Location Plays a Role in DBT Cost-Effectiveness

August 7, 2020

Nations with lower breast imaging recall rates and high mammography compliance are less likely to view digital breast tomosynthesis as a cost-effective screening option.

Country of residence could play a significant role in whether digital breast tomosynthesis (DBT) is considered more effective in breast cancer screening than digital mammography (DM). And, there is also a price tag associated with that tipping point in efficacy, a new study has revealed.

In an article published in the Aug. 4 Radiology, investigators from The Netherlands detailed their research with a simulated population of women. Through their endeavors, which ran from March 2018 to February 2019, they generated 10,000 outcomes.

They determined that DBT could be considered cost-effective at a willingness-to-pay threshold of $38,500 per life-year gained, but not at $22,000. In addition, they found countries with higher breast imaging recall rates, such as the United States, were more likely to experience DBT’s benefits. Nations, such as The Netherlands, where recall rates are low and mammography compliance is high are less likely to consider DBT as a cost-effective option.

“With current data, biennial DBT screening between 50 and 74 years of age is not expected to be cost effective at the Dutch willingness-to-pay threshold of [$22,000] per life year gained and 3.5-percent annual discounting,” wrote the team, led by Valérie Sankatsing, Ph.D. candidate and researcher with the Erasmus department of public health.

For this study, Sankatsing’s team used a micro-simulation model to create 10,000 model runs with a simulated group of 1 million women per run. According to the team, the women were born in 1970 and underwent biennial screening between ages 50 and 74, and the team assigned half the women to DBT and half to DM.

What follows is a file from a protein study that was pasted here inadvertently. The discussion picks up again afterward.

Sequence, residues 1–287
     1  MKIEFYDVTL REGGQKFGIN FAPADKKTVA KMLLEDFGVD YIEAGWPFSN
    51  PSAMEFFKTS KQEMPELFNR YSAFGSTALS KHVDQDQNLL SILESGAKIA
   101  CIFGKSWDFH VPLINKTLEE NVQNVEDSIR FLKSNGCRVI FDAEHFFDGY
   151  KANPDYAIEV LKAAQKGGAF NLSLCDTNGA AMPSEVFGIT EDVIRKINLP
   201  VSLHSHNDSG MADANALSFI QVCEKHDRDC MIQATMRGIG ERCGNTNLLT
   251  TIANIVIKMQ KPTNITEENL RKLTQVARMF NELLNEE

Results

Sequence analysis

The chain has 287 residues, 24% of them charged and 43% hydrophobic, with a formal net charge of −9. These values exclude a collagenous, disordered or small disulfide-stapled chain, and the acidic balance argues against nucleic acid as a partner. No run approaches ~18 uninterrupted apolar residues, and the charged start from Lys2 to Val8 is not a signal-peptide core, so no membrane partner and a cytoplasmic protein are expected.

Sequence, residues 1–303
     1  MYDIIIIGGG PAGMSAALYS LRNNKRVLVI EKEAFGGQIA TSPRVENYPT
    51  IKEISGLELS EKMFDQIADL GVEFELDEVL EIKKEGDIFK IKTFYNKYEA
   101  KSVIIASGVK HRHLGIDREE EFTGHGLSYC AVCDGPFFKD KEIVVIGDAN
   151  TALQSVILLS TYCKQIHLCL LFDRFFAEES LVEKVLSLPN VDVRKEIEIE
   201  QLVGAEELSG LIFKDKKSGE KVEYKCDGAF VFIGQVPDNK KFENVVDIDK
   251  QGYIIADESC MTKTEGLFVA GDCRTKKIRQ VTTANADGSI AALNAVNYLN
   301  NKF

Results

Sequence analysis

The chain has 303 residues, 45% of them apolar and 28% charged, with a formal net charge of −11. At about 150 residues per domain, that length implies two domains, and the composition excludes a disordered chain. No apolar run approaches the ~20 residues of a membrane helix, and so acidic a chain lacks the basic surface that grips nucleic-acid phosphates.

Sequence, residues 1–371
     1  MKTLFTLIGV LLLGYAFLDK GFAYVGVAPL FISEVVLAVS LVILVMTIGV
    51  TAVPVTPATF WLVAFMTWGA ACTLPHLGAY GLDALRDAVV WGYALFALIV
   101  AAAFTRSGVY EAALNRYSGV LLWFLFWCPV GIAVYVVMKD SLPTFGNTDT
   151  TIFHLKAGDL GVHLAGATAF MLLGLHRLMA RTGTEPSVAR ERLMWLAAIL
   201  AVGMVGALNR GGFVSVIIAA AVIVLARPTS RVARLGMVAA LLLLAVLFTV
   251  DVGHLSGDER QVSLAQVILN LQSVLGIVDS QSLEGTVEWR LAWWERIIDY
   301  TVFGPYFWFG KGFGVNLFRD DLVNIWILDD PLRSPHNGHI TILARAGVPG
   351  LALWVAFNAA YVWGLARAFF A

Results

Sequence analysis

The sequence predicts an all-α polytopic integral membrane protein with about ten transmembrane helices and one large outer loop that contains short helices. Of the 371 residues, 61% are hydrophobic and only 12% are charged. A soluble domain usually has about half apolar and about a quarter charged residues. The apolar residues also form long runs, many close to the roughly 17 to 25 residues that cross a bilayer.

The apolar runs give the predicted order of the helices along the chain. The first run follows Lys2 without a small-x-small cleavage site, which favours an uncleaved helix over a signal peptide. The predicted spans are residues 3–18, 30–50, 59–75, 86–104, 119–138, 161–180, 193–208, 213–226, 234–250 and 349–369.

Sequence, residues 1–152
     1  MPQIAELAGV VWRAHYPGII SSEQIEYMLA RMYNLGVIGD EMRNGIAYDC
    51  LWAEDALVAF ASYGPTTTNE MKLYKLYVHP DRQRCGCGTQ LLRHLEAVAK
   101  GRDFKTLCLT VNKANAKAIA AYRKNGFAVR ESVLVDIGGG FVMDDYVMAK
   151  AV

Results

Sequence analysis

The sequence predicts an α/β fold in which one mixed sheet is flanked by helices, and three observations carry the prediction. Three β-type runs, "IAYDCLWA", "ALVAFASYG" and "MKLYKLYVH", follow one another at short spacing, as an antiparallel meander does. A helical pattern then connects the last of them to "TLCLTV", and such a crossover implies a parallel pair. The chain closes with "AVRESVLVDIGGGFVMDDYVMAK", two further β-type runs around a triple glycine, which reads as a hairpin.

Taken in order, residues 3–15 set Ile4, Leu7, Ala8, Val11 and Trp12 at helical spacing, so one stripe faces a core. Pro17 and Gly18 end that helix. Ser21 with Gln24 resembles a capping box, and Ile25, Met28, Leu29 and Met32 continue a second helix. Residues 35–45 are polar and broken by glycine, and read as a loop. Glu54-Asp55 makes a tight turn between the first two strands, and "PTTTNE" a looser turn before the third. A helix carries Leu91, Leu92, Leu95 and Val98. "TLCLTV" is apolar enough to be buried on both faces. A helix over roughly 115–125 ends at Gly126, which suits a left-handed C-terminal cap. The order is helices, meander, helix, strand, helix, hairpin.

During the study, the team applied the actual screening compliance rate from The Netherlands of 80 percent to the simulated cohort. For DBT, they estimated it bolstered sensitivity by 18 percent, had a 30-percent positive predictive value, and cost $100 more than DM. 

Each of the 10,000 model runs created an incremental cost-effective DBT-DM pair, and their analysis determined DBT is both the more effective and expensive screening option. According to the data analysis, per 1,000 women, DBT provided a 7-percent rise – 13 years – in life-years gained, prevented 6-percent additional deaths from breast cancer, and resulted in 2.5-percent drop in false positives. But, it did cost more than DM with a mean lifetime cost of $151,311.

To determine whether DBT was truly cost-effective, the team said, they examined the willingness-to-pay threshold. The lower the threshold, the lower the cost-effectiveness, they said. For a willingness-to-pay threshold of $22,000, DBT was only deemed cost-effective in 36 percent of cases, but when the threshold rose to $38,500, it was considered cost-effective in 66 percent of situations.

This difference among thresholds, they said, underscores the likelihood that countries with lower recall rates may not turn to DBT as much as a viable screening option.

“A meta-analysis evaluating recall rates with DBT compared with DM showed that the reductions in recall rates were prominently found in studies from the United States that reported high baseline recall,” Sankatsing’s team wrote. “The decrease in recall rates and the number of false-positive results with DBT, thus, depends on the initial recall rate.”